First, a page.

'Yes.' The ME's car had just parked beside hers and she saw Moses Greenberg, a.k.a. the Animal, get out of it and stride impatiently toward the tape. Sarah removed the ammo clip and the last bullet from the chamber of Spurlock's gun, then dropped it and his badge into an evidence bag, saying, 'Will you wait here, please, while I have a word with Doctor Greenberg? Then we'll take a stroll around this lot before we go downtown.'
She walked over and stood beside the doctor, who was already hurling questions across the eight feet of space between him and the photographer. How come the scene was only just getting photographed? Greenberg wanted to know. Where were all the detectives who should be here by now? Had the photographer rolled the body yet? How much longer did the doctor have to wait? Moses Greenberg had a Type-A personality augmented by a fanatical fitness regimen. Running marathons, biking mountain trails and swimming a mile or two a day, he stayed fit and ready to cope with the next crisis, which as often as not he would create himself.
Dr Greenberg was not easy to be around. Sarah liked him anyway, because his standards for himself were even higher than for everybody else, and he had a nice, respectful way with bodies.
Buddy Norris flung back short answers without looking up, making it clear he didn't give a crap about the doctor's anxieties. 'I'll be done here in about five minutes,' he said, 'but then I gotta do all that junk in the pickup and a bunch more in the warehouse. Plenty of time for questions later, Doc.'
'Good morning, Doctor,' Sarah said, and waited through a couple of loud, well-phrased sentences describing everything that was wrong with the way this scene was being handled. His curls and high coloring grew more dramatic as he described the several catastrophic mistakes it was probably already too late to prevent.
When he paused for breath she said, 'Yes, well, you know this is an officer-related shooting? So we'll need detailed descriptions of the number and placement of bullet wounds.'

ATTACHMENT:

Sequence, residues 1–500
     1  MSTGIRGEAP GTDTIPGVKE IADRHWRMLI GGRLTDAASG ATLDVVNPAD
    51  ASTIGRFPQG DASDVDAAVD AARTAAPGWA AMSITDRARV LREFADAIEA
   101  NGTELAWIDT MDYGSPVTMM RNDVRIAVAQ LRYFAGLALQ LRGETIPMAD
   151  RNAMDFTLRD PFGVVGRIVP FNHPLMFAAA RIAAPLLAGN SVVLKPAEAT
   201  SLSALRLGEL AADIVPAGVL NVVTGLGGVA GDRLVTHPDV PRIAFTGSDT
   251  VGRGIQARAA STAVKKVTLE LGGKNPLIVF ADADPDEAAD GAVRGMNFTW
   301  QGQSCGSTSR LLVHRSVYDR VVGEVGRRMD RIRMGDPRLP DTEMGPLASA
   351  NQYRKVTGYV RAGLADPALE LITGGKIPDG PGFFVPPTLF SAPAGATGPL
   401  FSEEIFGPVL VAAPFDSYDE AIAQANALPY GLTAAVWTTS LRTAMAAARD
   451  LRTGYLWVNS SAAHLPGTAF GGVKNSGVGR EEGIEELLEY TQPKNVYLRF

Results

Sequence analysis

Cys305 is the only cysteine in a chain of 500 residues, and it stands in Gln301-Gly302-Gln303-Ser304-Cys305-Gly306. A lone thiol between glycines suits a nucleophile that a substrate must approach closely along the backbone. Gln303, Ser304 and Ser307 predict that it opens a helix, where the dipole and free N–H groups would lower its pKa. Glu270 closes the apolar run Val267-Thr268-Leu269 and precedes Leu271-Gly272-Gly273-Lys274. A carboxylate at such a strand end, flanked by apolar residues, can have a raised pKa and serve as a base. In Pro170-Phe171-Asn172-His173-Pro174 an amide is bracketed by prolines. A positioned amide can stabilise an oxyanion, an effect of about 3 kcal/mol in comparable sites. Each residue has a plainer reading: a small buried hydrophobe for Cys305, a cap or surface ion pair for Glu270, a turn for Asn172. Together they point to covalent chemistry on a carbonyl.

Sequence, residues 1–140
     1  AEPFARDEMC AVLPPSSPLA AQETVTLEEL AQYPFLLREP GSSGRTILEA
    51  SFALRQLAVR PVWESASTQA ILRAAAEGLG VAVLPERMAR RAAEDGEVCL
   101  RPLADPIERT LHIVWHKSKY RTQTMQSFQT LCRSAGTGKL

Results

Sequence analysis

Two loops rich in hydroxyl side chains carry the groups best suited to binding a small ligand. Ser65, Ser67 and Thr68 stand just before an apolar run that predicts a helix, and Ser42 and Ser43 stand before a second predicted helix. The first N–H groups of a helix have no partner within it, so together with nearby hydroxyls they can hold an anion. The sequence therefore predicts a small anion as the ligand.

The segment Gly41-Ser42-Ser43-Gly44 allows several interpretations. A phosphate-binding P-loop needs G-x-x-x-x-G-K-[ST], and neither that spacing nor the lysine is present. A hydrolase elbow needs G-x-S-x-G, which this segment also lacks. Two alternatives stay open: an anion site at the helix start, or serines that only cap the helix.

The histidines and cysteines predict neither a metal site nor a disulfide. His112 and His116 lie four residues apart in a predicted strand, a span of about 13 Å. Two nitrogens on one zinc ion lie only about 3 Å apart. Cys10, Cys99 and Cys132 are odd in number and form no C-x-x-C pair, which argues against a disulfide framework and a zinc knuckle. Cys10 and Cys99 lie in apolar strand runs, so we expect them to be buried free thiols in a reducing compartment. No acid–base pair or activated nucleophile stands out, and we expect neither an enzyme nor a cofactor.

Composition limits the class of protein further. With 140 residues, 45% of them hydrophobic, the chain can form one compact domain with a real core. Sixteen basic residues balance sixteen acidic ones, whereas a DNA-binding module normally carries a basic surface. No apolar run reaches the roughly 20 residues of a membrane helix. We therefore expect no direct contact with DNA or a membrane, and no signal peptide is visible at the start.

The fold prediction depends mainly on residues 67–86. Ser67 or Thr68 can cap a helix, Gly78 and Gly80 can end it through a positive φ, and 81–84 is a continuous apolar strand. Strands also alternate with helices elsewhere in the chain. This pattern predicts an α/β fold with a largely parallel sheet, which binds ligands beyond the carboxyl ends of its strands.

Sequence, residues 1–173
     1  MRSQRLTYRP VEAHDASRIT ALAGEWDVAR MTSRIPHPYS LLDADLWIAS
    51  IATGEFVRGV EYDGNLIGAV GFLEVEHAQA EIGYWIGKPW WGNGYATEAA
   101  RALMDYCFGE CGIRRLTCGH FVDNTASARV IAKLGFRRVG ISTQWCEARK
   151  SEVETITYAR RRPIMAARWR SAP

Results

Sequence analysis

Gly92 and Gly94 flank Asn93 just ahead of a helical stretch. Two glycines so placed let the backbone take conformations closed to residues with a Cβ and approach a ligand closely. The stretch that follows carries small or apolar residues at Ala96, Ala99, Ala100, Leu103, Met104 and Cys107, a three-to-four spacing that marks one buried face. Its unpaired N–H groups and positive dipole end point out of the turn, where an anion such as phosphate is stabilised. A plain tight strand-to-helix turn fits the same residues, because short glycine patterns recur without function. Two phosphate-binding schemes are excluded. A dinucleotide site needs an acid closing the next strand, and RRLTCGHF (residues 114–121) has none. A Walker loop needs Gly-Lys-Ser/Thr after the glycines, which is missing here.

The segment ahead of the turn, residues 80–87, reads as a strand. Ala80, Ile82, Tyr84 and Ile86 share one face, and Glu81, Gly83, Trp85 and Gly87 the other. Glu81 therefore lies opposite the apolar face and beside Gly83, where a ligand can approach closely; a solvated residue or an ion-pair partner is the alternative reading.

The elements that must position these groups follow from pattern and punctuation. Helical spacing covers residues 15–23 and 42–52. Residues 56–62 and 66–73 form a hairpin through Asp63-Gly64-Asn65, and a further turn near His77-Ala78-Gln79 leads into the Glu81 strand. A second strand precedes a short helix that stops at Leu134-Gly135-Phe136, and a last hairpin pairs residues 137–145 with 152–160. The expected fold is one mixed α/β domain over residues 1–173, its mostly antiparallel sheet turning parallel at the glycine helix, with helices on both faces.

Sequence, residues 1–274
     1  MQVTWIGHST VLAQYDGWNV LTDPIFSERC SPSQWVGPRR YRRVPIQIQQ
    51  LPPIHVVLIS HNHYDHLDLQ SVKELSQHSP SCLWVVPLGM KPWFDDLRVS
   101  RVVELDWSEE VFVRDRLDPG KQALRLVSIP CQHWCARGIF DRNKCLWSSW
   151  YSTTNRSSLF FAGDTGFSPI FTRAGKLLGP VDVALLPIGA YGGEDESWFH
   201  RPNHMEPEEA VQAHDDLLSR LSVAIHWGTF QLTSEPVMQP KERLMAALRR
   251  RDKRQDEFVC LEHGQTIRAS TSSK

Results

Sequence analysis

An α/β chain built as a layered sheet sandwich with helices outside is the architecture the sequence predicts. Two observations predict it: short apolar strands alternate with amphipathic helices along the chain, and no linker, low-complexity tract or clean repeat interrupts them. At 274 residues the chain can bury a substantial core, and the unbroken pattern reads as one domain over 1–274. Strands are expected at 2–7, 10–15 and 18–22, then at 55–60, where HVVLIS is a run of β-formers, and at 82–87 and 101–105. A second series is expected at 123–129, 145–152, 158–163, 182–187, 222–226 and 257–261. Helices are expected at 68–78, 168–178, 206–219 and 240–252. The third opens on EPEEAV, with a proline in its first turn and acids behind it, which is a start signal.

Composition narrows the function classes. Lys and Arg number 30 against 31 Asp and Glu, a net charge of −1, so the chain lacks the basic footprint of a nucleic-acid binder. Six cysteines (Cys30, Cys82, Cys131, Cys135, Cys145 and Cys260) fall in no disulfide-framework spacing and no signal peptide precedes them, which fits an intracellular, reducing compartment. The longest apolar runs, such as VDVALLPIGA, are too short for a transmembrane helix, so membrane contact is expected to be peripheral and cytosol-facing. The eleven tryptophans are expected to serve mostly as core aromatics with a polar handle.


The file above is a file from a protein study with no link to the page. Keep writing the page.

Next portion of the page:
'Ah. Yes, I suppose you will be quite anxious for that,' Greenberg said, 'considering how little blood I'm seeing. Looks like the poor sap died while he was still falling down.' He looked at her sideways. 'No witnesses, huh?'
'No. Spurlock called for backup but everybody was on another call. It took a few minutes for anybody to get here.'
'Well then,' Greenberg said, 'let's hope all the entry wounds are at the front.'
Not needing any more of Greenberg's black humor just then, Sarah walked quickly back to Spurlock and said, 'Let's take a hike.'
They started at the street. Standing in the driveway in front of Officer Garry's makeshift check-in desk, Spurlock had distance from the body and better concentration. 'Take it from the top,' Sarah said. 'You were on Flowing Wells when you got the call? Heading north or south?'
'Just crossing Wetmore, headed south. Dispatch asked if there was anyone in the vicinity, said witnesses reported somebody burglarizing an abandoned warehouse on Flowing Wells. I called in, said that I was just north of there and I'd take it.'
'So you were approaching from the north, you arrived at this address and turned in right away?'
Excerpted from Red Man Down by Elizabeth Gunn. Copyright © 2014 Elizabeth Gunn. Excerpted by permission of Severn House Publishers Ltd..